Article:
The Kids. The Silverbacks. The Comets. The Kings. The Saints.
They were all professional soccer teams that thought they could make it in Cincinnati. They did not.
Can FC Cincinnati be the team to buck that trend? The team’s inaugural season in the United Soccer League begins this weekend, and it aims to be the club that finally sticks. FC Cincinnati might have a much better chance to do so than any of their predecessors.
Here are nine reasons why FC Cincinnati can be the team that makes it here:
1. The Lindner Effect
The first thing that stuck out when FC Cincinnati was announced last August was its ownership, which is headed by Carl Lindner III. There might be no name more synonymous with successful business in Cincinnati than Lindner. His name gave the franchise instant legitimacy.
This is not the first foray into sports team ownership for the family that brought us United Dairy Farmers and Great American Insurance. Carl Lindner Jr. was majority owner of the Cincinnati Reds from 1999 to 2005.
Having financial backing is huge for getting the franchise off the ground, and a kit sponsorships with Toyota and Nike only add to the bank account.
2. Nippert Stadium
The stars aligned for FC Cincinnati when the University of Cincinnati upgraded its football stadium. It’s the perfect home for the new team — offering a unique setting with a built-in college crowd and more than enough seating. Unused sections can also be covered with logoed tarps so as not to have an empty stadium effect.
And the areas around campus offer plenty of pre-game and post-game food and drink options.
This is a huge advantage over past teams that have played at high schools and soccer complexes.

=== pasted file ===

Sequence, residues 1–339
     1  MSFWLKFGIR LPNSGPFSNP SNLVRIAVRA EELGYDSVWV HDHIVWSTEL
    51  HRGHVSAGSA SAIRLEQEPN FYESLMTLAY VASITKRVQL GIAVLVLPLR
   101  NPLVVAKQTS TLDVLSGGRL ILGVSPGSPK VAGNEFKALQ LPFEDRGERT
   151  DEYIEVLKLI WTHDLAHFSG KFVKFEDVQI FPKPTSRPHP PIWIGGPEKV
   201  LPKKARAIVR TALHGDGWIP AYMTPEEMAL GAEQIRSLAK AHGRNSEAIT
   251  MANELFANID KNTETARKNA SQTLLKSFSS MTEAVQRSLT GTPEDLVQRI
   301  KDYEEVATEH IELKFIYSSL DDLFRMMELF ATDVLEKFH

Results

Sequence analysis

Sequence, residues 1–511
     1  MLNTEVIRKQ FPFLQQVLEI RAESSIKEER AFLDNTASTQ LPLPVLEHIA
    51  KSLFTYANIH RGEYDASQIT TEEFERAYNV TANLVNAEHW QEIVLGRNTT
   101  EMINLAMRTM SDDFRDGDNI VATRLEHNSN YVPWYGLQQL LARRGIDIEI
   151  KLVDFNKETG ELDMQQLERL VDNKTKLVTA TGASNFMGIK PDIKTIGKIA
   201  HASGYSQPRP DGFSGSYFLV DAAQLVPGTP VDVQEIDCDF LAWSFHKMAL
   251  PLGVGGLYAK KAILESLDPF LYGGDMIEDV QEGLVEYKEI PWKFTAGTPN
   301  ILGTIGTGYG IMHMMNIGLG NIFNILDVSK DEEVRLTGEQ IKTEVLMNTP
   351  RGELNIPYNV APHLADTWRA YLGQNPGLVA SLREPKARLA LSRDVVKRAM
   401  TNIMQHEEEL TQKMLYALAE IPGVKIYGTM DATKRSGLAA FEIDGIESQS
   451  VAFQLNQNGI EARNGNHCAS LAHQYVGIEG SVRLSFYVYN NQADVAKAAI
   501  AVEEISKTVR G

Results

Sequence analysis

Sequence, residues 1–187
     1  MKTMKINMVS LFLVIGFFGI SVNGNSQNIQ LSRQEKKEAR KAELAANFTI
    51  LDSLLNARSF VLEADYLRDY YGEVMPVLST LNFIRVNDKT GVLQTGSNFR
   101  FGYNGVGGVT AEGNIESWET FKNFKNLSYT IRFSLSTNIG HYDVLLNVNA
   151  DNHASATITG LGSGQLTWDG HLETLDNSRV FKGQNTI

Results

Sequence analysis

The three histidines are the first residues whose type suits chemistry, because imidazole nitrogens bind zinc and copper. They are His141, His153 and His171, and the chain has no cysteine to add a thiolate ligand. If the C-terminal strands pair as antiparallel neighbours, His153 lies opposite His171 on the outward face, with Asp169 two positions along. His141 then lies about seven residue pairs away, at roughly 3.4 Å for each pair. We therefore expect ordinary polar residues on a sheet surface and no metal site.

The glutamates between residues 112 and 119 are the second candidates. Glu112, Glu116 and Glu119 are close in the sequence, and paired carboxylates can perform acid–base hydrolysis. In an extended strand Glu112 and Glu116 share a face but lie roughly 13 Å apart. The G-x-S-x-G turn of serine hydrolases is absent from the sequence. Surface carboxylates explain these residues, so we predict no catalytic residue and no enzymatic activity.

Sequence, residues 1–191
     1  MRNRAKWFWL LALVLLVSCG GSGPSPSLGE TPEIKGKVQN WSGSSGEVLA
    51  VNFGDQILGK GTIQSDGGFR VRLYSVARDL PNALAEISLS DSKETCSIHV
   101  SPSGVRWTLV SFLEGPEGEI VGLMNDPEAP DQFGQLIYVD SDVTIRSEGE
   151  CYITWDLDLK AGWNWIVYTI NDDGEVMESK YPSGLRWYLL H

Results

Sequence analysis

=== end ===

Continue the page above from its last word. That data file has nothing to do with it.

3. Soccer Fever
Soccer backers have long touted the sport’s popularity worldwide, and those backers typically are laughed at by fans of traditional American sports. Soccer’s popularity was the argument for the sport sticking here in past efforts, but mostly it was popular among youth in the area. That’s been true for a long time, but never translated to pro soccer success in Cincinnati.
This time, it’s hard to argue with the sport’s growing popularity at the professional level in the U.S. With Major League Soccer attracting big-name players (admittedly often past their prime) like Andrea Pirlo, Frank Lampard and Steven Gerrard, and American stars such as Tim Howard and Clint Dempsey, the league has recognizable poster boys.
Add to that England’s Barclays Premier League getting major coverage on NBC and Spanish league stars Cristiano Ronaldo and Lionel Messi being household names and the exposure of pro soccer in the U.S. has never been bigger. That can only benefit FC Cincinnati.
4. Youth Soccer Popularity
Yes, item No. 3 mentioned that youth soccer popularity has not been the magic potion to make pro soccer work here. However, the sport is still hugely popular at the youth level in this area. While it won’t be the one factor to make it work, it certainly can’t hurt the cause, especially if youth coaches use games as field trips to help kids learn and appreciate the game.
While FC Cincinnati’s United Soccer League is the third tier of professional soccer in the country, its league is affiliated with second-tier North American Soccer League and the top-tier MLS. Having that MLS connection provides stability and support.
MLS does not have the promotion and relegation system of other leagues around the world, which allows teams to move up and down tiers depending on success or failure. But the league continues to expand. And if lower-tier teams have success, strong attendance and deep pockets, they would stand a chance to get a spot. There’s also growing support for incorporating a promotion/relegation system.